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No King Like Him (no, not Him)

Here is a description of an Old Testament king: “there was no king like him, who turned to the LORD with all his heart and with all his soul and with all his might, according to all the Law of Moses,” (2 Kings 23:25).[1] It is striking for a number of reasons.

First, the assessment is made of Josiah not, as we might expect, of David. At the beginning of the account of Josiah’s reign the writer tells us that “he walked in all the ways of David his father,” (2 Kings 22:2). Josiah is great David’s greater son.

The second striking thing is the elevated tone: “all his heart, all his soul, all his might, according to all the Law of Moses.” It seems almost unbelievable that this sort of language could be used of an OT king.

Yet as we examine the account of Josiah’s life we see that these claims are justified. In 2 Kings 22 we read of how Josiah orders repairs to the temple and how a “book of the Law” is discovered during those repairs. Josiah’s response to the words of that book is immediate repentance (22:11) leading to the greatest reform program the nation has ever seen.

Josiah starts with the most obvious place – the temple. The place which should have most clearly expressed the nation’s commitment to God was full of idols. So Josiah removes them. But that’s just the beginning. Other kings of Israel had led reforms but none quite as thoroughly as Josiah. The old refrain, “he removed all the idols – except the high places” (e.g. 1 Kings 15:14; 2 Kings 12:3) comes to end with Josiah. There are no exceptions: altar places, shrines – they all go. He even removes the household gods (23:24). Every level of society is affected by his reforms.

Reversing Time

Reversing Time

But Josiah isn’t just cleansing the land. In a way, he’s reversing time. He renews the covenant at the start of chapter 23, turning the clock back to the days of Joshua (see Joshua 24). He leads Judah in the greatest Passover since “the days of the judges who judged Israel” (23:22). In a move that harks back to the days of David and Solomon, Josiah goes into the devastated northern kingdom and desecrates the altar at Bethel that Jeroboam son of Nebat had constructed (23:15). He removes and defiles “all the shrines at the high places” in Samaria (23:19). Here Josiah isn’t just cleansing the nation, he’s spiritually reuniting the kingdom.

In light of all this the striking verdict of 2 Kings 23:25 seems justified. Finally, and just in time it would seem, Israel has found the king she needed – a king who is even greater than David. A king who can turn Israel back to God. A king who will restore the nation. A king who can bring back the glory days.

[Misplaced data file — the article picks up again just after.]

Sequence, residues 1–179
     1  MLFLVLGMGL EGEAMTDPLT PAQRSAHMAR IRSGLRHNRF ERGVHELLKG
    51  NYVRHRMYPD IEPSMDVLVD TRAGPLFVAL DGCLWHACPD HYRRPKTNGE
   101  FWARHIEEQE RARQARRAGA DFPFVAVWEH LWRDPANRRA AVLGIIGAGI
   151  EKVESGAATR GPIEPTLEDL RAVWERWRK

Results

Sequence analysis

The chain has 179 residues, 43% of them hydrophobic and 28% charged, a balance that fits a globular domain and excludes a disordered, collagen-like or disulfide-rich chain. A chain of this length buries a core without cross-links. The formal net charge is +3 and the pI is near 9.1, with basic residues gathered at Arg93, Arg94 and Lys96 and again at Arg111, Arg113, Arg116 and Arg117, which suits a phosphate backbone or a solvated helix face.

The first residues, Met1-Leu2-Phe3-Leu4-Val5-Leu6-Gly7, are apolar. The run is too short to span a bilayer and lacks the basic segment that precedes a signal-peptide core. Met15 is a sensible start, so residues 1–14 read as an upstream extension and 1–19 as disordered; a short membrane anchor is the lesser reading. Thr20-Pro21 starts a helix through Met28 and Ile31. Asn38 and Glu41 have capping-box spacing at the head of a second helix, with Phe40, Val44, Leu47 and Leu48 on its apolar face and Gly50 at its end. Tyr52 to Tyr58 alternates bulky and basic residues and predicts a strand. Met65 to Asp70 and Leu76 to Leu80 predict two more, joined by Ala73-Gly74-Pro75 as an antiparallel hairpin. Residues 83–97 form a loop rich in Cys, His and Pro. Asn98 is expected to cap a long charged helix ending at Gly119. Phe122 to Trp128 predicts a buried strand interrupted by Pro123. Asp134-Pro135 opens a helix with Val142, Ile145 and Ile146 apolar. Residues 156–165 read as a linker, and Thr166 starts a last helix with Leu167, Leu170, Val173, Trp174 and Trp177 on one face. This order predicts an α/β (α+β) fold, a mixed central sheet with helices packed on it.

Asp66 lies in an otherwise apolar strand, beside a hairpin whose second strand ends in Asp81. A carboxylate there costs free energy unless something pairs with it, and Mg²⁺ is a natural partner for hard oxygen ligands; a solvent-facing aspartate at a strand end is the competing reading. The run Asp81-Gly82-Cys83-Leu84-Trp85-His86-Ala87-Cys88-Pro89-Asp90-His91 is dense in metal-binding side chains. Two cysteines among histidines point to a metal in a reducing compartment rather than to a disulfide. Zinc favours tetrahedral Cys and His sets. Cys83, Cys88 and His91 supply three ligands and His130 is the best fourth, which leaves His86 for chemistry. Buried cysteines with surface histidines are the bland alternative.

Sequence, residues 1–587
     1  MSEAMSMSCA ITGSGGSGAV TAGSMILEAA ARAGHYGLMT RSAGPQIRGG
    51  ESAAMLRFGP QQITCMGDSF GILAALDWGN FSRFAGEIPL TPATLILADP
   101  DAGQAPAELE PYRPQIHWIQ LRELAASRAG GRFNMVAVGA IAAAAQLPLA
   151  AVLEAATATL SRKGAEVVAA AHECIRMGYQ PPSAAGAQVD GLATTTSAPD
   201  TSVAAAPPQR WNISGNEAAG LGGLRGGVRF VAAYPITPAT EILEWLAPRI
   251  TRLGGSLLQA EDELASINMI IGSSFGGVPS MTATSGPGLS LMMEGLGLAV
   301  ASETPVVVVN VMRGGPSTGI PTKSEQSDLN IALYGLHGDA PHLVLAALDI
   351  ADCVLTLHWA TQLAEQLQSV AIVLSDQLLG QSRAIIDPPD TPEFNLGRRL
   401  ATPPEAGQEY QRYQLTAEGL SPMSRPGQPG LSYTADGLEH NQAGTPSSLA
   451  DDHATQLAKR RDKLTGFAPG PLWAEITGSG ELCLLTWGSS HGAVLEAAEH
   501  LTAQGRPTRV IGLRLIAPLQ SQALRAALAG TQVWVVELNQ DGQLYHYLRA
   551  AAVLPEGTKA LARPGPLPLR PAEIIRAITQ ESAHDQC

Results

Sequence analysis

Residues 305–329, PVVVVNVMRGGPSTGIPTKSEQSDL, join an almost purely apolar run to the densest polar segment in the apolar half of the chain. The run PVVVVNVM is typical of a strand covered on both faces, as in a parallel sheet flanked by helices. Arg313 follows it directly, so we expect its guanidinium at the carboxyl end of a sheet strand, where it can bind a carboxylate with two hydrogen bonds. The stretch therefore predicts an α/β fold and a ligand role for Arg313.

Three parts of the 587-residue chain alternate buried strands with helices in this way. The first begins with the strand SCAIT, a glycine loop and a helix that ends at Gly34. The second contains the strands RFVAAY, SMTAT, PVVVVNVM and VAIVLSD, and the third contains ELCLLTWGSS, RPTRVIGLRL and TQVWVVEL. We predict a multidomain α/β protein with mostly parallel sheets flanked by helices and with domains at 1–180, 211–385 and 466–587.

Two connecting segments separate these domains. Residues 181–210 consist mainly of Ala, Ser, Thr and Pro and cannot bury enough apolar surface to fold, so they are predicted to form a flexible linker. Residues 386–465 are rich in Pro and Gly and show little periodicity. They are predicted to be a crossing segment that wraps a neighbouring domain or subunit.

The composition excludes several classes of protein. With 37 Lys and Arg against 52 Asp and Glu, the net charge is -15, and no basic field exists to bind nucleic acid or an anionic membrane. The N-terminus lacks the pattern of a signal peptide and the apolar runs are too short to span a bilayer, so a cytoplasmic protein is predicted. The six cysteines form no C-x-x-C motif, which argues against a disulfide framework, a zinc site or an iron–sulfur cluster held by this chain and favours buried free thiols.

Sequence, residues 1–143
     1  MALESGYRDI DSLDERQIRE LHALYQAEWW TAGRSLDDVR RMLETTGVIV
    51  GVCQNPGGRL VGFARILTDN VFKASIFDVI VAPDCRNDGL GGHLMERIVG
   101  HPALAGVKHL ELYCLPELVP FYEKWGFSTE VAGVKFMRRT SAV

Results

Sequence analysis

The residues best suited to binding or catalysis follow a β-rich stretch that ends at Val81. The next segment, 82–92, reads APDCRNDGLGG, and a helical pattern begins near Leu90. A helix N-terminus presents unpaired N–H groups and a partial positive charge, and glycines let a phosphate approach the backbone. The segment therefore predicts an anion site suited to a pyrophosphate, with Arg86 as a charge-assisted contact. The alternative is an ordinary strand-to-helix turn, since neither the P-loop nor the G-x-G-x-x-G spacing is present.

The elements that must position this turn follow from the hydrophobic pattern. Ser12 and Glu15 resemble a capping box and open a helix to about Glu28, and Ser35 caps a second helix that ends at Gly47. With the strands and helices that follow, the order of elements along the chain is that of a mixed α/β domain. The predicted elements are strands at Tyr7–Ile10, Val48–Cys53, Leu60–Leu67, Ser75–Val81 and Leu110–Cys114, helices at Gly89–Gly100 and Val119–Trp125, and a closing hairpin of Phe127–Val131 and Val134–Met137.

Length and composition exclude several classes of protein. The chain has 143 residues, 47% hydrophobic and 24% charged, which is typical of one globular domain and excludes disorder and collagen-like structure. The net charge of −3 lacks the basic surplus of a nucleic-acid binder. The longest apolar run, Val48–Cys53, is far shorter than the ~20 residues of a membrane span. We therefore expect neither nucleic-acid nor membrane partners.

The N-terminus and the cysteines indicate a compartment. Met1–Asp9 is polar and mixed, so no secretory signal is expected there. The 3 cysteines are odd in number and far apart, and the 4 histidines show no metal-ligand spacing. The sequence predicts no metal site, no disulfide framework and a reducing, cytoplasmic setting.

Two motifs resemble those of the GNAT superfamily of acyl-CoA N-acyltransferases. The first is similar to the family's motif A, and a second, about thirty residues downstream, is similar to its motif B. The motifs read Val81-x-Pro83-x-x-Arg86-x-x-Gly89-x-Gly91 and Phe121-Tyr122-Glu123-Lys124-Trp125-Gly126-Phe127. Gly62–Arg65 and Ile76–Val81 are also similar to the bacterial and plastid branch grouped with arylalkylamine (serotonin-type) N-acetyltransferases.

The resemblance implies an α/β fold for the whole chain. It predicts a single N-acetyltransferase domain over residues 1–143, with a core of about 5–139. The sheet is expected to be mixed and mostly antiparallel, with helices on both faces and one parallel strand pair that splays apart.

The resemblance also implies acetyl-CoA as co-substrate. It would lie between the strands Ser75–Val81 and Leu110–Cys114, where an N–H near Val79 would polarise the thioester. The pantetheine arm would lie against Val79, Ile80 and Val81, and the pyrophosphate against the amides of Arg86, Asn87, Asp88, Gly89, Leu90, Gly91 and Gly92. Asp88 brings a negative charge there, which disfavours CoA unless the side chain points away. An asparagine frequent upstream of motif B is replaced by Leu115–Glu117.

A Magnificent Failure

A Magnificent Failure

And this is why 2 Kings 22:26 comes as such a hammer blow. Immediately after telling us how great Josiah was, the writer delivers a tragic pronouncement: “Nevertheless, the LORD did not turn away from the heat of his fierce anger, which burned against Judah because of all that Manasseh had done to arouse his anger” (NIV).

This juxtaposition between verses 25 and 26 causes us to re-evaluate the whole account of Josiah’s life. It seems that the main thing our writer wants us to know about Josiah and his reforms is that they failed completely. Despite his apparent perfection, Josiah simply could not save his people from the wrath of God. Once God had settled on judgment he would execute that judgment, even in the face of the most far-reaching reform. The greatest king in Israel’s history could not turn aside the wrath of God.

Nor could his people save themselves. Certainly they had provoked God to anger, having “forsaken [him] and … made offerings to other gods,” (2 Kings 22:17). But it their biggest problem before God wasn’t what they had done (and could repent of) but the heritage of their kings. When the writer sums up the reason for God’s wrath falling it’s not their sin he mentions but that of former King Manasseh (2 Kings 24:3). The nation was unable to break free of its past.

Great Josiah’s Greater Son

Great Josiah’s Greater Son

And yet this sobering assessment of Josiah’s reign cannot but make us think of another king. A king about who fulfilled verse 25 – “Before him there was no king like him, who turned to the LORD with all his heart and with all his soul and with all his might, according to all the Law of Moses” – yet who also escaped the pronouncements of verse 26 – “Nevertheless, the LORD did not turn away from the heat of his fierce anger which burned against his people.” Jesus succeeds precisely where Josiah failed. By taking God’s wrath on himself, he delivers his own people from it. He is a king with no limit to his ability to save – no “nevertheless;” no sad post-script.

Josiah was great – the greatest OT king it seems, but even he could not save his people. He shows us just how serious God’s wrath is; how difficult it is to overcome. And so, most wonderfully, he shows us the greatness of the Lord Jesus – king who can and does finally and fully reconcile us to God forever.

[1] All quotations ESV except where noted

Photo: Deon Staffelbach, freeimages.com

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